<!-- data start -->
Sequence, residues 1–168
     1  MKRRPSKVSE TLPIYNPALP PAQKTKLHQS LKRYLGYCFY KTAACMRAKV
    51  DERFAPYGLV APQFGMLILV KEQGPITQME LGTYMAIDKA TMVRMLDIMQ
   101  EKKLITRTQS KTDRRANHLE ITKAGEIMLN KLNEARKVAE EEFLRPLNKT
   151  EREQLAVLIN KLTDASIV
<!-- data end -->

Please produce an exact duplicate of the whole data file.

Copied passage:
Sequence, residues 1–168
     1  MKRRPSKVSE TLPIYNPALP PAQKTKLHQS LKRYLGYCFY KTAACMRAKV
    51  DERFAPYGLV APQFGMLILV KEQGPITQME LGTYMAIDKA TMVRMLDIMQ
   101  EKKLITRTQS KTDRRANHLE ITKAGEIMLN KLNEARKVAE EEFLRPLNKT
   151  EREQLAVLIN KLTDASIV